Common pregnancy pains: Causes and home remedies

Sleep disturbance during pregnancy

Finding a comfortable resting position can be difficult later in pregnancy. And a bloated belly and a bathroom break aren’t the only things keeping you going. A variety of concerns can affect your sleep, from back pain to heartburn to anxiety. Hormones can also disrupt your sleep patterns, leaving you exhausted during the day and waking you up at night. Your body needs rest so that you can feed your growing baby and live in your home.


of. Do not take sleeping pills.

b. Try drinking warm milk before bed.

c. Take a warm shower or bath before bed.

d. Use additional pillows for support during sleep. Sleep on your side and place pillows under your abdomen, behind your back, and between your knees to help prevent muscle strain and get much-needed rest.

e. Use blocks to support the head of the bed a few inches. This will help you breathe easier and prevent acid reflux.

f. Lying on your left side probably makes you feel better. This improves blood circulation throughout the body.

g. Sleep with your knees bent to take the pressure off your back.

h. Exercise daily, try taking a 30 minute walk or attending a pregnancy exercise class. Staying active helps you sleep better. Just do it earlier in the day. Exercising within 4 hours before bed will give you enough stimulation to keep you awake.

Me. Relax before bed. Try pregnancy yoga videos and deep breathing exercises.

j. Stretches: Do a few leg stretches to avoid leg cramps at night. Limit your drinks. Stop drinking within 2-3 hours of bedtime so you don’t have to wake up in the middle of the night to go to the bathroom.

k. Avoid late-night meals and spicy, greasy, and acidic foods before bed.

l. Pee before bed. Go to the bathroom one last time before turning off the light.

m. Lower the thermostat. You will feel warmer as the extra blood rushes to your skin. Keeping your bedroom cool will make you feel more comfortable and you won’t have to kick the covers in the middle of the night.

heartburn or indigestion during pregnancy

Heartburn is a burning sensation that starts in the stomach and rises to the throat. During pregnancy, when hormone levels change, the digestive system slows down, the gastric sphincter weakens, and the uterus presses against the stomach, pushing up stomach acid.


of. Eat a few small meals each day instead of three large meals.

b. Eat slowly.

c. Have a warm drink.

d. Avoid fried foods, spicy foods, or foods that may cause indigestion.

e. Do not lie down immediately after eating.

f. Elevate the head of the bed higher than the feet of the bed or place a pillow under your shoulders to keep stomach acid from going up your throat.

g. Do not mix fatty foods and sweets in one meal. Also, separate liquids from solids when eating.

h. Try a heartburn reliever.

pregnancy hemorrhoids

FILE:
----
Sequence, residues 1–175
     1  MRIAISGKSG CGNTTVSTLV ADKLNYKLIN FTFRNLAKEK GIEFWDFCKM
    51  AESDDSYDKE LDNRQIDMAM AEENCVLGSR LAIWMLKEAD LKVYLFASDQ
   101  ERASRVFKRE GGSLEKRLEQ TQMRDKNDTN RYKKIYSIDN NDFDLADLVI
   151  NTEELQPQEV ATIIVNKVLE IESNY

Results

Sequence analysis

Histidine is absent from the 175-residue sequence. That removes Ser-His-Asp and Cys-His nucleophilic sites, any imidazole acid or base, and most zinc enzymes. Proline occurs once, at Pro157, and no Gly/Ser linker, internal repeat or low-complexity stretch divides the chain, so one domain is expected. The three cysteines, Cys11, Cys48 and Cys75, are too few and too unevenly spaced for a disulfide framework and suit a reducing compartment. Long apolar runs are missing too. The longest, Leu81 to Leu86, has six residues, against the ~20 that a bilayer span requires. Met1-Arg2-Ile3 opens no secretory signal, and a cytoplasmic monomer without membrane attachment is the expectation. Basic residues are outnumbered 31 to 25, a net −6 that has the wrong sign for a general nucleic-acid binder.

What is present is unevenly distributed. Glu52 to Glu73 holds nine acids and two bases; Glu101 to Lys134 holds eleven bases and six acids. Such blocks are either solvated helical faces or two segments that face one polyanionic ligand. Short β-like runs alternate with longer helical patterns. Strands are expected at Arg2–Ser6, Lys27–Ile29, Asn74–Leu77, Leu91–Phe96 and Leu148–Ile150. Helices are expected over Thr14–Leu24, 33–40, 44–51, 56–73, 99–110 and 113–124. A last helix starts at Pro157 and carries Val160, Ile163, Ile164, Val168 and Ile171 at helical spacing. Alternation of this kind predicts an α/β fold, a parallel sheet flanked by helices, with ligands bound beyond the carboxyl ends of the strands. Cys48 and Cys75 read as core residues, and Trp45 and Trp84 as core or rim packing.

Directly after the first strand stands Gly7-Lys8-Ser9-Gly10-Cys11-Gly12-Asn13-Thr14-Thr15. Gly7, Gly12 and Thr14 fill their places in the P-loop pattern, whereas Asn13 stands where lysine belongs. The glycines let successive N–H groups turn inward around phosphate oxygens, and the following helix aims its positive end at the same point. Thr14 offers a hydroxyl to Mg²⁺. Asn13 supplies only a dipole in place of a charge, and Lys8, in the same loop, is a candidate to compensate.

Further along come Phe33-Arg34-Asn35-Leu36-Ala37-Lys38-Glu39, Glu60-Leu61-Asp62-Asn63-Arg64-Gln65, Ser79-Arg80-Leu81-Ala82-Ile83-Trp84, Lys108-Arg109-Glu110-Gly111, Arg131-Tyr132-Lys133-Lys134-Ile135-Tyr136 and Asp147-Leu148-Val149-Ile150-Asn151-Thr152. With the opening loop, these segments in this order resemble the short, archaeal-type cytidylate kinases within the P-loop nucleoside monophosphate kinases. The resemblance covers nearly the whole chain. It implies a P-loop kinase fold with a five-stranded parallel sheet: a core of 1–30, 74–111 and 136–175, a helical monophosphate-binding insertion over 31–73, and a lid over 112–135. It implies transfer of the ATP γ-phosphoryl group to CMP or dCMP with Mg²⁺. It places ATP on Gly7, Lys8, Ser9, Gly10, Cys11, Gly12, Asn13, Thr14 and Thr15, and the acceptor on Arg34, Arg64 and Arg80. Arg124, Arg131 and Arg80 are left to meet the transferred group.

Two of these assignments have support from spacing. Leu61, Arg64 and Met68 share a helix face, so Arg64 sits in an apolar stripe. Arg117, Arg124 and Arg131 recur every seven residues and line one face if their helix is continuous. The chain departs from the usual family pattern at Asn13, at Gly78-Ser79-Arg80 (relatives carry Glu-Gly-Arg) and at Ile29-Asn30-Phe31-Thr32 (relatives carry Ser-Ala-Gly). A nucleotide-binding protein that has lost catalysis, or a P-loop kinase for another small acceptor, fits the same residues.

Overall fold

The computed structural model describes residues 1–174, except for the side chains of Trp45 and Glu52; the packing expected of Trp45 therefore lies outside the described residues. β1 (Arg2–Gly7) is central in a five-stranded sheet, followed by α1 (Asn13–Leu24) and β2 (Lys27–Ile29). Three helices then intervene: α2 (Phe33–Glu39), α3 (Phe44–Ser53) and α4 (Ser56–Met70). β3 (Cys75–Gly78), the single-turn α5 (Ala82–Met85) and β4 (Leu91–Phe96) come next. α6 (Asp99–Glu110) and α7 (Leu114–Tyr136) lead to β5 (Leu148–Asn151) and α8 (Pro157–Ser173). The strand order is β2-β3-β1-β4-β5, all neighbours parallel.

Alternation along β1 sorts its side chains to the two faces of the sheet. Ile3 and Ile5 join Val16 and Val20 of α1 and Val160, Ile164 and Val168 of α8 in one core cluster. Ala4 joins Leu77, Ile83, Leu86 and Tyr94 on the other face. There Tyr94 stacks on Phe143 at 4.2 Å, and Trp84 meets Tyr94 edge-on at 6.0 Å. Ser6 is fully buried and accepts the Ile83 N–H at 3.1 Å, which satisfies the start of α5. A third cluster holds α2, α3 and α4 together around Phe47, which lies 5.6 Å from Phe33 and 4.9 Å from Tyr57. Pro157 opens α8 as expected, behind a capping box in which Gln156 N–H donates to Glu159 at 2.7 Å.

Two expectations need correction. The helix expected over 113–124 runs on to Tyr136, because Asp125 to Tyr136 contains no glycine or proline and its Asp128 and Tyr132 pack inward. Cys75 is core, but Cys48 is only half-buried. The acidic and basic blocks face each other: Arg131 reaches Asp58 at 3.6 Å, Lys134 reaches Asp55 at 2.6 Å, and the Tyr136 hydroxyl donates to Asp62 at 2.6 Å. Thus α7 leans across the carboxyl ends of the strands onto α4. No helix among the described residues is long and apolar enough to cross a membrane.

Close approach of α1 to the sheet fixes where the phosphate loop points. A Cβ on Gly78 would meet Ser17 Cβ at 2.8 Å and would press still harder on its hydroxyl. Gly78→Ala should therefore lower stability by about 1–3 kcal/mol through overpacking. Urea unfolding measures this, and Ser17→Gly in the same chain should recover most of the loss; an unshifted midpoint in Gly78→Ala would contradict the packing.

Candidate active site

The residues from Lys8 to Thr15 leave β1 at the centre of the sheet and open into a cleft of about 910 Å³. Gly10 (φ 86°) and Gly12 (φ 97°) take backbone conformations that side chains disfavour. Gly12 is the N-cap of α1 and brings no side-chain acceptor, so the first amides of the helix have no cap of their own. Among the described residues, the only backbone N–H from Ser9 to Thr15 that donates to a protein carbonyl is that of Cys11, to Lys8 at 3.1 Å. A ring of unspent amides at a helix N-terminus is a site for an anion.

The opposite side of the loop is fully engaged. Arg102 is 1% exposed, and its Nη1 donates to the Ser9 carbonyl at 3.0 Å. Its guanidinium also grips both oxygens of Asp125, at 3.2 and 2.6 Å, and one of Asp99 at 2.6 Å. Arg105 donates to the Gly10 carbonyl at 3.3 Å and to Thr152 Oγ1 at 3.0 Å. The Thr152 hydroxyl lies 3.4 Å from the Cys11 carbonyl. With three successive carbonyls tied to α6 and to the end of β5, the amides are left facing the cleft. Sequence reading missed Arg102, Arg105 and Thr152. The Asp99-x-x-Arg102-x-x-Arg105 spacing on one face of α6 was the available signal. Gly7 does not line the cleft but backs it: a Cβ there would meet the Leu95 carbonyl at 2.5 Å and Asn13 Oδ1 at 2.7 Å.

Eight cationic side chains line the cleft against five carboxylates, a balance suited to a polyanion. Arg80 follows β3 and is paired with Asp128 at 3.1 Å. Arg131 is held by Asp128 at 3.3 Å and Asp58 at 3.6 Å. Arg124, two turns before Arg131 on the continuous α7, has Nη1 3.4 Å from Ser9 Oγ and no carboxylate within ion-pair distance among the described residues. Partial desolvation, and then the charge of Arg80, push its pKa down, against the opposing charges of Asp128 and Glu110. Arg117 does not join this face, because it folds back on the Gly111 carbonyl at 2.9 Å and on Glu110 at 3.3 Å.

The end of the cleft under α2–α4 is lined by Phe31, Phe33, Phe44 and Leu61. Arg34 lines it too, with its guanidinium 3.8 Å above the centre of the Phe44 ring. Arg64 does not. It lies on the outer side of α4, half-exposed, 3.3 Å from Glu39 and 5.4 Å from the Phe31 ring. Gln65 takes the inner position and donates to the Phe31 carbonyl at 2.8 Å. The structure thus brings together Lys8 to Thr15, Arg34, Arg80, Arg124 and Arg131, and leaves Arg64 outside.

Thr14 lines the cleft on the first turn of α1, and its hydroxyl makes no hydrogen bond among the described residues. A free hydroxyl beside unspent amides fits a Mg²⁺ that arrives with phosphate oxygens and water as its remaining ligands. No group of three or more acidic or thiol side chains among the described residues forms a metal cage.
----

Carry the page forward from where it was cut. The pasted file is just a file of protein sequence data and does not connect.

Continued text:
Hemorrhoids are swollen veins that appear as painful lumps in the anus. During pregnancy, it can form due to increased blood circulation and the pressure of a growing baby on the rectum and vagina.


of. Try to avoid constipation. Constipation can cause hemorrhoids and cause even more pain.

b. Do not sit or stand for long periods of time. Change positions frequently.

c. Do not overdo it while having a bowel movement.

d. Apply an ice pack or cold compress to the affected area, or take a hot bath several times a day to relieve pain.

e. Avoid tight underwear, pants, or pantyhose.

f. If you need more help, talk to your healthcare provider.

Varicose veins during pregnancy

Pregnancy hormones can weaken the walls of veins and cause them to swell. Pressure on the veins behind the uterus also slows blood circulation to the heart and causes small veins in the pelvis and legs to swell. These bluish swollen veins are most likely to appear in the legs. In later stages, it can appear on the vulva, the area outside the vagina. Varicose veins will probably get better after the baby is born once the pressure on the veins is gone.


Varicose veins usually run in families, but try these home remedies listed below.

of. Avoid standing or sitting in one place for long periods of time. It is important to get up and move around often.

b. Avoid postures that can restrict leg circulation (such as crossing your legs while sitting).

c. Raise your legs and feet while sitting.

d. Regular exercise.

e. Wear a support hose.

f. Avoid socks or knee highs that are too tight or too restrictive.

g. Lie or rest on your left side to relieve pressure on the veins that carry blood from your legs to your heart. it’s on your right side.

h. If your veins become stiff, hot, painful, or your skin turns red, see your doctor.

leg cramps during pregnancy

Pressure from the growing uterus can cause leg cramps and sharp pains in the legs.


of. Eat and drink foods rich in calcium (milk, broccoli, cheese, etc.).